While home trampolines don’t produce as much bounce as their Olympic counterparts (spring or non-spring based), they are still susceptible to the laws of physics. This means that an accidental “double bounce” can occur.
What’s a double bounce? Basically, this is when the energy of one person gets transferred into the other, thus causing them to get “double” the bounce (and by extension, double the height) than originally anticipated.
Intentional double-bouncing is used as a tool by coaches on Olympic Trampolines for specific drills, but home based trampolines are not designed for this. What’s more, when you aren’t expecting to get “double” the bounce as a jumper, you will fly off in an uncontrollable direction — usually over any kind of safety net. An unintentional double bounce is one of the scariest things to not only experience, but to witness.
So be sure to do yourself and your kids a favor, and enforce the “one jumper” rule as if it was written in stone. And have strict consequences in place if the rule gets broken.
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Now that we’ve covered safety, let’s talk about skill development...
Personally this is one of the biggest reason NOT to get a trampoline for cheerleaders (or any other type of competitive, acro-based athletes such as gymnasts, tumblers etc.)
Because you, as a parent, pay good money so that I as a coach can use my 15+ years of experience to teach your child the skills they need with proper technique.
And the thing about technique (especially when a child is new and learning) is that initial motor patterns can become permanent habits. We’re talking back tucks with the head thrown out. Back handsprings with legs apart and arms too wide. Round offs that are short and go sideways… and so on.
Consider this: it takes about 500-1000 quality repetitions to build a motor pattern from scratch that will “stick”… but it takes anywhere from 3000-5000 reps to rebuild a bad habit!
Science has proven that it’s not practice that makes perfect. It’s perfect practice, that makes perfect.
And generally, when cheerleaders are on a trampoline, they aren’t aware of the small errors in technique they are making for reach rep of the skill they are throwing. So before you know it, they come into the gym doing the complete opposite of what they have been taught.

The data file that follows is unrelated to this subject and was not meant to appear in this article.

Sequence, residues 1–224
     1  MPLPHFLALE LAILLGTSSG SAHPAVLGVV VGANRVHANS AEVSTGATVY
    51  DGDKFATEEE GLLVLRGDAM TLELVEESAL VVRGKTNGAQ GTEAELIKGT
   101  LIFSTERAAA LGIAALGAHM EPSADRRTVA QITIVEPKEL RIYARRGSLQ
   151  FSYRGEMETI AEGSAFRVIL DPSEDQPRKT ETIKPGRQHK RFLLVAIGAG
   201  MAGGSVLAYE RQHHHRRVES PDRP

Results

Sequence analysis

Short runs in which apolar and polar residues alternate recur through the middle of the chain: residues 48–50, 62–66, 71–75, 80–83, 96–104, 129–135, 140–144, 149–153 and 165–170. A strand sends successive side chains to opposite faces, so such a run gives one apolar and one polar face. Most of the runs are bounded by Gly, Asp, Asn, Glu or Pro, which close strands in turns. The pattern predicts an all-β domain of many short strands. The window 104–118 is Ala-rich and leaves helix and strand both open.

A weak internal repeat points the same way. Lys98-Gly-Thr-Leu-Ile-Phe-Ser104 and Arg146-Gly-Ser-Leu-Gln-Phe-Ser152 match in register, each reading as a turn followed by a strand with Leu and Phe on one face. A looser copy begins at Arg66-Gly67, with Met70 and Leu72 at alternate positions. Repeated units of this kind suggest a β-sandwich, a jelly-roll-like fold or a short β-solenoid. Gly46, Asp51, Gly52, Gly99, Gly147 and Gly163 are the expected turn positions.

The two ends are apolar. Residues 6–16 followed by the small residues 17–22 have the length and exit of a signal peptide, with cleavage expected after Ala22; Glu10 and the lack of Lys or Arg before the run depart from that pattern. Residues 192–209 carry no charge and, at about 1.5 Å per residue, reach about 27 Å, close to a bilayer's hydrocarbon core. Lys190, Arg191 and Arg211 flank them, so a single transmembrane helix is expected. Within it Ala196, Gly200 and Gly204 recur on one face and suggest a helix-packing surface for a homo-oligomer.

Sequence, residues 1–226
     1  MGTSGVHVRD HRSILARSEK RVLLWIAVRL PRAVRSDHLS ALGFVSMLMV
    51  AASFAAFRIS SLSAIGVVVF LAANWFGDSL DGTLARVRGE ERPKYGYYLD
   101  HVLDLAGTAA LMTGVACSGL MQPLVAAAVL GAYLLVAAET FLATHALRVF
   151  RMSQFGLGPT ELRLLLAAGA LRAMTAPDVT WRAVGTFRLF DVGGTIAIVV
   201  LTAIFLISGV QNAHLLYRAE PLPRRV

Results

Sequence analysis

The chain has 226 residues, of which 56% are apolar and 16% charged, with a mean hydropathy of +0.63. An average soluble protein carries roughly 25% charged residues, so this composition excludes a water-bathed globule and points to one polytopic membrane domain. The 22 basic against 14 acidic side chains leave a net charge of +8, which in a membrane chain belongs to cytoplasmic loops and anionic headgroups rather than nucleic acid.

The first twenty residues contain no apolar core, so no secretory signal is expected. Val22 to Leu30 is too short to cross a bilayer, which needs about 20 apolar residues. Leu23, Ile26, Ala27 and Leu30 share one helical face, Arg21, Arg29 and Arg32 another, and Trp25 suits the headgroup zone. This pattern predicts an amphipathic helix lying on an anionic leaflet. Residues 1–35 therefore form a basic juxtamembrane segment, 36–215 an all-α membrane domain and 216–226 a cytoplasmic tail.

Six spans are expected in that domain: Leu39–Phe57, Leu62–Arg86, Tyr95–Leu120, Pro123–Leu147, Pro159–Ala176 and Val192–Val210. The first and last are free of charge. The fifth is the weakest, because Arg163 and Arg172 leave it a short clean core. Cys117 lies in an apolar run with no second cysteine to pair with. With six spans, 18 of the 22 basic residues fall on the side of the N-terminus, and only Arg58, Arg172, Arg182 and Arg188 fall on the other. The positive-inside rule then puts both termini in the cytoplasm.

I cannot tell you how many times I’ve had parents come to me from outside our program, seeking help to fix their child’s technique because they started throwing random stuff on their trampoline. The money they spent on private lessons to reverse this error could have afforded them an extra year of cheerleading!
However, I would be cherry-picking if I didn’t mention that I’ve also had athletes who have benefited greatly by having a trampoline in their home where they could practice. So you might be wondering…
What’s the difference between the two scenarios?
Well, the athletes who benefited from having a trampoline used it as a tool to refine the skills they had already mastered in the gym. They didn’t use it as an opportunity to throw new or random skills they were still learning or hadn’t officially learned before.
Best of all, they respected my guidelines as a coach. If I told them they can’t be throwing certain skills or drills, they stayed away from them.
So if you’re going to consider getting a trampoline for your up-and-coming cheerleader, be sure to go over these rules and guidelines with them. Make it crystal clear HOW a trampoline should be used and for WHAT purpose. Reach out to their coach and ask which skills they are allowed (or not allowed) to work on. This will set them up for success and actually help accelerate their progress instead of hindering it.
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Stay safe, and happy bouncing!